The implications of this shortfall go way beyond inconvenience, says Lindsey Reichlin Cruse, a senior research associate at the Institute for Women's Policy Research. It may also widen the degree divide – by race and by income. 

For example, Cruse says, nearly 40 percent of black women in college are single mothers. "If we're not graduating these parents, that means we're not graduating women of color," Reichlin Cruse says. "It reverberates over generations."

Nationwide, the number of 18-year-old, straight-out-of-high school college students will fall over the next few decades, according to the Western Interstate Commission for Higher Education, which tracks this. To keep enrollments up, colleges will need to attract and keep older students, who are more likely to have children and may struggle without child care.

At the University of Maryland—Baltimore County, the YMCA took over child care after an outbreak of mold forced the campus's center to close suddenly. But the Y only accepts children ages 2 to 5, which doesn't help students such as Marie Pessagno, whose youngest daughter is less than a year old.

Although Pessagno, 37, is lucky to have parents who can watch her two kids, any child-related problems force her to drive 45 minutes from the campus to deal with them. Campus child care would help immensely, she says.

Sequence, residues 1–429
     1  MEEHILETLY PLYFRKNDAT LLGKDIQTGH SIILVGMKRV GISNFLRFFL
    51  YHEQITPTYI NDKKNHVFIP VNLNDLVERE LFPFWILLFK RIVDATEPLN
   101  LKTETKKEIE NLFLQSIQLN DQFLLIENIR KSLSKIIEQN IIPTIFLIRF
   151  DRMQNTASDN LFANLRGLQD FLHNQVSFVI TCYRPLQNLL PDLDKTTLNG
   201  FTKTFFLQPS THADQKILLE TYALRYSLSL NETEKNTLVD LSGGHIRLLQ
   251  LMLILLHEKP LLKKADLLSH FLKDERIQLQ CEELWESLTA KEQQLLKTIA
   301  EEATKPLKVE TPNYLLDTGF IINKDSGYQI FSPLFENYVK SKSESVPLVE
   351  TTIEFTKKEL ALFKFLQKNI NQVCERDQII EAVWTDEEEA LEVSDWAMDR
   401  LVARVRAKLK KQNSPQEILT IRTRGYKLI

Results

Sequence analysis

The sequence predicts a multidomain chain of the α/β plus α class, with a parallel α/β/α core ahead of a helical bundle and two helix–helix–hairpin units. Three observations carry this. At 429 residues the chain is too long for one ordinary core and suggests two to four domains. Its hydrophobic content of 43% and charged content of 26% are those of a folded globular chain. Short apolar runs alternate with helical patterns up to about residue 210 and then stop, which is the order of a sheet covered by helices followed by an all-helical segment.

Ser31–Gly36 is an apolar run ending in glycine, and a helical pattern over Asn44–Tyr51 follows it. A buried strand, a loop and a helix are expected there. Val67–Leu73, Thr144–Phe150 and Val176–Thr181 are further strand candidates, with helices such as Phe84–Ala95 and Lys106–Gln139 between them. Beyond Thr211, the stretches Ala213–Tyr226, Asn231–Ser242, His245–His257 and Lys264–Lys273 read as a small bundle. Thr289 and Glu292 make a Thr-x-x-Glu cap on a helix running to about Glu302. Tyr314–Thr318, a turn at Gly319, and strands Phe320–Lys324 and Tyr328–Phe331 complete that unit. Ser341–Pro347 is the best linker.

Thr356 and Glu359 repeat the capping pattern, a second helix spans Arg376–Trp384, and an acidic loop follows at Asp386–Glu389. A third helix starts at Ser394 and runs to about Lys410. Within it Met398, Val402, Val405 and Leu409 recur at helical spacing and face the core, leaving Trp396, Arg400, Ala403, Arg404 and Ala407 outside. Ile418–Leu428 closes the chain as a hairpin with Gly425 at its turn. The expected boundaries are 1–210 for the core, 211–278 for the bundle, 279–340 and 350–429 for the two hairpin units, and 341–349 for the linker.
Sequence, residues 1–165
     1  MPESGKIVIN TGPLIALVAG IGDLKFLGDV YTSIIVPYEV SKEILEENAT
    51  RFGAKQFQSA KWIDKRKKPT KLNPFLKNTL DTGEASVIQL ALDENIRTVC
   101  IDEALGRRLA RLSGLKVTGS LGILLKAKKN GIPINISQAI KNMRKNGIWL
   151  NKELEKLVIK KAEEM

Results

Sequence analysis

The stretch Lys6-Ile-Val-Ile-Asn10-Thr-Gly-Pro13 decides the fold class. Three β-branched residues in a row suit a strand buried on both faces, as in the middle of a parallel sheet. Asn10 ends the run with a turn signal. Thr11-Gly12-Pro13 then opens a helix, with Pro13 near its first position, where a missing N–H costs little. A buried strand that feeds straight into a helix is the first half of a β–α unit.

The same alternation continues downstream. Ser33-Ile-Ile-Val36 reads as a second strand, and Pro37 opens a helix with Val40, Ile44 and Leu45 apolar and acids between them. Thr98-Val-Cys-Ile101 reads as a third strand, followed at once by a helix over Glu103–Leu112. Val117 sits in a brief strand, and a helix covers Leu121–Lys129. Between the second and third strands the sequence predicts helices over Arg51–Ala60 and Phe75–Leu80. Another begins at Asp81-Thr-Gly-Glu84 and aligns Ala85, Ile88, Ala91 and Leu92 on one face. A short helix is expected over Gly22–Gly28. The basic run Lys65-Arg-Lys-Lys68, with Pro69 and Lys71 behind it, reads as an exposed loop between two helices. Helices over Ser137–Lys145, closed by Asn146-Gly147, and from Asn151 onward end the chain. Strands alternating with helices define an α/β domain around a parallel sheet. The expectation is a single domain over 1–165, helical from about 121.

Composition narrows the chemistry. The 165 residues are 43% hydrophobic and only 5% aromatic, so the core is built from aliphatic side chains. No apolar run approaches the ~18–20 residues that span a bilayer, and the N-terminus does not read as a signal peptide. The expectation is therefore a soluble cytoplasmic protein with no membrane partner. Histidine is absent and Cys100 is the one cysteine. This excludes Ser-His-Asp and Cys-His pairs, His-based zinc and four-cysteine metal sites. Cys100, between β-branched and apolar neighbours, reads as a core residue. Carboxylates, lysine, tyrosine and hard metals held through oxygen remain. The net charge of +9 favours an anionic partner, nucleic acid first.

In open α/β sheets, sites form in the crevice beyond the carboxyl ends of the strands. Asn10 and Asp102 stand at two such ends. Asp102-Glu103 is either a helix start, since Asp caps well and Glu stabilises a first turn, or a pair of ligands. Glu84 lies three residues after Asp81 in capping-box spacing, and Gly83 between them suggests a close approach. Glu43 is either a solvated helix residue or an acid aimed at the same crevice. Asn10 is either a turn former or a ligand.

"If I have to leave school, I'm done for the day," says Pessagno, a senior majoring in social work and gender and women's studies. But that doesn't excuse her from her academic responsibilities. "These professors are used to hearing excuses. An absence is an absence. They shouldn't have to let me off the hook."

The University of New Orleans, where Juhas goes, shut down its child care center in 2013. The university declined to discuss this, saying in a written statement that it "does not currently have the capacity to offer on-campus child care services, but we will continue to evaluate that possibility in the future." A spokesman noted that the university had endured years of deep budget cuts, a reason also used by other schools nationwide for shuttering child care centers.

The closure has been particularly difficult for the 430-student Interdisciplinary Studies Department, at least a quarter of whose students have children. 

"I'm always amazed at the way they deal with that," says Dan Harper, the department's associate director. "I have seen students who could not cope at all."

A lack of child care has forced many students to switch to online courses, he adds. Others just can't make it work. For parents of younger children, for example, even online classes and homework can be difficult. There's little time to study.

"I went to the library last semester to write a paper and probably wrote 25 or 26 pages," says Pessagno, the Maryland student with two young children. "The next day I stayed home and I maybe got three paragraphs done."